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Edit Earth Literally: Aerosol and Solar Geoengineering to Solve Ozone Damage

Dec 15, 2016 08:19 AM EST
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Limiting the effects of global warming has taken a toll on a number of industries around the world. It remains one of the challenges the world is facing today. So some scientists have a risky plan: geoengineering.

Solar geoengineering is remarkable simple, yet very complicated. It involves sending chemicals that have a cooling effect into the stratosphere, and in doing so, it may reflect sunlight into space than warm the planet.

According to Harvard University, a lot of proposals involve the use of sulfur as it has a "global cooling" related to volcanic eruptions. It can be remembered that explosive eruptions can send sulfur dioxide into the air, and this reflects sunlight away. 

Scientists suggest the use of sulfuric acid into the atmosphere to create this effect. However, this has the potential to strip out the ozone layer and leave us potentially vulnerable to far worse situations. For instance, ultraviolet light can increase the chances of eye and skin cancer.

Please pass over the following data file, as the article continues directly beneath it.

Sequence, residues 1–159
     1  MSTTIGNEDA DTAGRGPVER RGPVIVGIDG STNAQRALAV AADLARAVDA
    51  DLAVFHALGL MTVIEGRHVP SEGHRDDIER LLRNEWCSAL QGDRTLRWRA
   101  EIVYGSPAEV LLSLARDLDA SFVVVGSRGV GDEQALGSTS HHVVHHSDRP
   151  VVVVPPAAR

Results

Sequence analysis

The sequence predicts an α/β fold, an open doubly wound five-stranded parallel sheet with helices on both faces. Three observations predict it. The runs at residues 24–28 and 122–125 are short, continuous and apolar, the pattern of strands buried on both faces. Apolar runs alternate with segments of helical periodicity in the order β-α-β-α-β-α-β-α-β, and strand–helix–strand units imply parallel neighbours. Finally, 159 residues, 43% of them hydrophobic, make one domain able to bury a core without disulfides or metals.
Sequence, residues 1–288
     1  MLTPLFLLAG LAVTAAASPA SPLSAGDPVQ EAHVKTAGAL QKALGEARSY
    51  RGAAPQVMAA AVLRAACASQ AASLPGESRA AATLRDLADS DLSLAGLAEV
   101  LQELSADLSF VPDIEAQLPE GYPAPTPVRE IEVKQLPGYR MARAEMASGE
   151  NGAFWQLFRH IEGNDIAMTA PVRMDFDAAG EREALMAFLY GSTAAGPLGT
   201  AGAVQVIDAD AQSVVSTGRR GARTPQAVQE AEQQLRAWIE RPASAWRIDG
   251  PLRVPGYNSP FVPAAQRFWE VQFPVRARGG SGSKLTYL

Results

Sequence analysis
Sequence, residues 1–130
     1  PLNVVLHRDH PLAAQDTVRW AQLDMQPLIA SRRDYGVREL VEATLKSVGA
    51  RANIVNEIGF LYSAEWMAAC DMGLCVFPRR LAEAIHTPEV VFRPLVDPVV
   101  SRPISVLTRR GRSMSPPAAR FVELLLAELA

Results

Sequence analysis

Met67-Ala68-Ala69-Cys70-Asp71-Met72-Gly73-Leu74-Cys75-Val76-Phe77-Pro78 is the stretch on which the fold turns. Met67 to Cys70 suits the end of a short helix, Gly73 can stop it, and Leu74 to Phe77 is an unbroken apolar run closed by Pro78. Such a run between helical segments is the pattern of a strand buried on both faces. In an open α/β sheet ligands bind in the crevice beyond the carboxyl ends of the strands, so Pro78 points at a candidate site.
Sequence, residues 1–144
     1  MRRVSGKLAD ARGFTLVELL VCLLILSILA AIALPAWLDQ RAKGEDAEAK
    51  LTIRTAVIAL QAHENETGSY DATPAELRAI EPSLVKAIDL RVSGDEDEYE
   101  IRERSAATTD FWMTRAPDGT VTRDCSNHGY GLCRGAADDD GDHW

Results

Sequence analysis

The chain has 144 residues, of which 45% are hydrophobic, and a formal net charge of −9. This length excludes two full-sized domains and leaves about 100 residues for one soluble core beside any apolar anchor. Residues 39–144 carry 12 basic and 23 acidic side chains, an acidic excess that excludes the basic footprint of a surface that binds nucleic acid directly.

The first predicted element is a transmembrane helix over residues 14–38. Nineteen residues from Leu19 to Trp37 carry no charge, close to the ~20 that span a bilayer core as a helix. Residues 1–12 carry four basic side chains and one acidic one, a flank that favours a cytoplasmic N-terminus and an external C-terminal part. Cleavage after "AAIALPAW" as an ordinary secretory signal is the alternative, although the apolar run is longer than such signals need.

Now, scientists from Harvard University have suggested finding a chemical that not only reflects sunlight and shields the ozone but also repairs it. 

David Keith, the paper's first author, said that the research looks at different particles that can be used for solar engineering and figured aerosols are highly reactive and more suitable. To stop sulfuric acid from harming the ozone layer, we need to use particles that would neutralize sulfuric, nitric, and hydrochloric acid on the surface.

Frank Keutsch, a co-author of the study, added that the research ends up making an antacid for the stratosphere. This means every time we introduce even initially unreactive surfaces, we get reactions that ultimately destroy the ozone. Instead of trying to minimize the aerosol's reactivity, they want a material both reactive but still avoids causing damage.

The initially used a model and saw that calcite, from limestone, can not only prevent ozone loss but also reflect sunlight and cool down their model. It's one of the most common compounds in the Earth's crust.

However, they are not advocating solar geoengineering as a means to stop global warming -- yet. Stratospheric chemistry appears to be complicated and not all aspects of solar geoengineering can be immediately understood. Keith added there are ways this approach can increase global ozone but may increase the ozone hole at the same time. 

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